Farmers could then travel further to market, so markets grew, and with them cities.
Larger cities brought greater wealth and new problems to solve: piped water, sanitation, the need for banks to store the wealth in. That led to the invention of new methods of warfare, either to defend or attack the wealth that had been accumulated, and the cycle began again.
What we see here is the same Escher Cycle pattern at a different scale. At the same time these innovations in products and services were accompanied by changes to culture and attitudes (eg the Industrial Revolution), and the formation of niches as cities and nations chose to specialise in different areas such as pottery, glass, cloth, warfare, or trade. Each decision raised the bar for quality and cost in that industry. And the groups traded with each other in a global-scale Escher Cycle that is still operating and evolving today.
Next we shall apply this evolutionary framework to the evolution of natural organisms.
A New Paradigm for Evolution
There are several parallels between this way of looking at business and life.
First, living organisms (like businesses) operate in an environment made up of other similar organisms, taking inputs from some and creating outputs for others.
A species, genus or family might be considered equivalent to an industry. And the total ecosystem corresponds to the total economy. The same fractal pattern repeats at different scales.
Like a business, each organism contains a variety of processes. As in the first diagram above, some (like photosynthesis or digestion) maintain the organism. Others (like eyesight and opposable thumbs) determine its ability to succeed in its environment.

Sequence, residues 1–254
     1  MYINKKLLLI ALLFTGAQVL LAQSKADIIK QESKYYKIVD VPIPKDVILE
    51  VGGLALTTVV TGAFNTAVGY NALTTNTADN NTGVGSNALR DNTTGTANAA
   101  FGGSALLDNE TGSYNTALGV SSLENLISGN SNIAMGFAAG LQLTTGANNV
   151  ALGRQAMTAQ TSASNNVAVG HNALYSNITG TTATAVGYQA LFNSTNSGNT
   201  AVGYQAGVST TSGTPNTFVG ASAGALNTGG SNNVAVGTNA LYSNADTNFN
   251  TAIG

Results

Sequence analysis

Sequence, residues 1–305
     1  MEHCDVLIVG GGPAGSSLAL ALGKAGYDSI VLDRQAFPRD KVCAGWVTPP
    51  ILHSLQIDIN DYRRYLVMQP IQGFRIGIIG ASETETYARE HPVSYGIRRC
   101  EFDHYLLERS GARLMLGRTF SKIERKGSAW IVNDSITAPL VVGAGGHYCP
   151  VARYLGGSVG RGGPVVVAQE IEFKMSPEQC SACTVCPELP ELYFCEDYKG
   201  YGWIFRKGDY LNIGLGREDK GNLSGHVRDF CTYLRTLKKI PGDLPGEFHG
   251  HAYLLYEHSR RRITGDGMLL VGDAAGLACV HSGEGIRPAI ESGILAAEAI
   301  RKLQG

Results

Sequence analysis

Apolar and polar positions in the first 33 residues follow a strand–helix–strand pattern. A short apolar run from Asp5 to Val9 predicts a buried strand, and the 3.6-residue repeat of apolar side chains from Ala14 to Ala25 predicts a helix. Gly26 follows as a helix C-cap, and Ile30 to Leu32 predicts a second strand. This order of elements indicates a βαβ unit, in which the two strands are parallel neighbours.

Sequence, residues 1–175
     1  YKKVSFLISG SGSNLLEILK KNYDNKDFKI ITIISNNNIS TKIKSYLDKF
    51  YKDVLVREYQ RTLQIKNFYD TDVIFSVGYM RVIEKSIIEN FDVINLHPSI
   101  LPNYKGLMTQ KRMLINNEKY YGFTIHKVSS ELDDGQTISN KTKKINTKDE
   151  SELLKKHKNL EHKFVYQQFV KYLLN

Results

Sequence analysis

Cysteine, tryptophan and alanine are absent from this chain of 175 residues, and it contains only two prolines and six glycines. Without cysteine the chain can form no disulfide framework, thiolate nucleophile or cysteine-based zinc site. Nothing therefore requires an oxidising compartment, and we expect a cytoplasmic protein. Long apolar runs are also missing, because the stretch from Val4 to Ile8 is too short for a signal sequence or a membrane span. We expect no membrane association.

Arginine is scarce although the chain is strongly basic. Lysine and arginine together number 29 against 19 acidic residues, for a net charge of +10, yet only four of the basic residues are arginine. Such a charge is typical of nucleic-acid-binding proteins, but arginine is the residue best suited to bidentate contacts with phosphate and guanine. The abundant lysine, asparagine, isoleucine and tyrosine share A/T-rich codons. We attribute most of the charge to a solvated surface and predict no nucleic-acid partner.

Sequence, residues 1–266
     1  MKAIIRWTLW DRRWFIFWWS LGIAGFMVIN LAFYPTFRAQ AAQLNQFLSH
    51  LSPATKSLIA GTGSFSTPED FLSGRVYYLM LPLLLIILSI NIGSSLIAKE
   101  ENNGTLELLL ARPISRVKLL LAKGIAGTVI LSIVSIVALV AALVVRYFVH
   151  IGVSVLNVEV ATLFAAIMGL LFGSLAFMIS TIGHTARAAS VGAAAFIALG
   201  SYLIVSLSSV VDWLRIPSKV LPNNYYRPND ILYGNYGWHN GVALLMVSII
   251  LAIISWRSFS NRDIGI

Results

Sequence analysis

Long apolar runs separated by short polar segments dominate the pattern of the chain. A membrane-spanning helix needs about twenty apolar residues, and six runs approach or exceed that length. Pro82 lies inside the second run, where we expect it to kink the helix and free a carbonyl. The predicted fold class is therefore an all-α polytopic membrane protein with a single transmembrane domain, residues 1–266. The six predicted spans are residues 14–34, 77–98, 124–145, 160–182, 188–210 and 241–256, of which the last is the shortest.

As with a company, evolutionary selection operates at multiple levels simultaneously. The ability to digest food (or process transactions) might not differentiate me. But the inability to do so will definitely kill any organism or business. (And what is ‘housekeeping’ for one organism (or business) may be cutting edge for another.)
Finally, as with a business, each species is constantly undergoing change in every part of its genome, all of its processes.
We can now draw a map of all life on Earth.
The vertical axis now represents organisms ranging from less differentiated to more differentiated: from prokaryotes (lacking a membrane-bound nucleus) to eukaryotes (with a membrane-bound structure). The horizontal axis now indicates the organisms reproducing as Darwin described, with random variation, and then interacting with the world. (How that reproduction works varies by species: simple replication for prokaryotes, exchange and recombination of genetic material in eukaryotes.)
Like the Ford Motor Company of 1908, the Last Universal Common Ancestor (LUCA) of three billion years ago has evolved into the more complex forms we see all around us, through repeated interaction with its environment and subsequent alteration of internal processes. The fittest adaptations survived.
Darwin’s theory of natural selection predicted evolution through a combination of variation and selection. He did not specify how this variation happened, but we are almost all now familiar with the idea of genes and random mutation at the time of reproduction.
But we also know that this is not the full story. What evolves is not a set of genes, nor a static phenotype, but a developmental system, embedded in an even broader web of interactions with the ‘environment’ – the famous “tangled bank” of hedgerow species that Darwin invokes in the closing paragraph of The Origin of Species.
The Escher Cycle shows that system.
Think back to the time of early life on Earth. The Last Universal Common Ancestor was a global mega-organism that filled the planet’s oceans. Cells exchanged useful parts with each other without competition.
Reproduction with random variation created new genetic forms and expressed them in the environment (Arrow 1). Each variation experienced greater or lesser fitness, was shared, and the cycle repeated.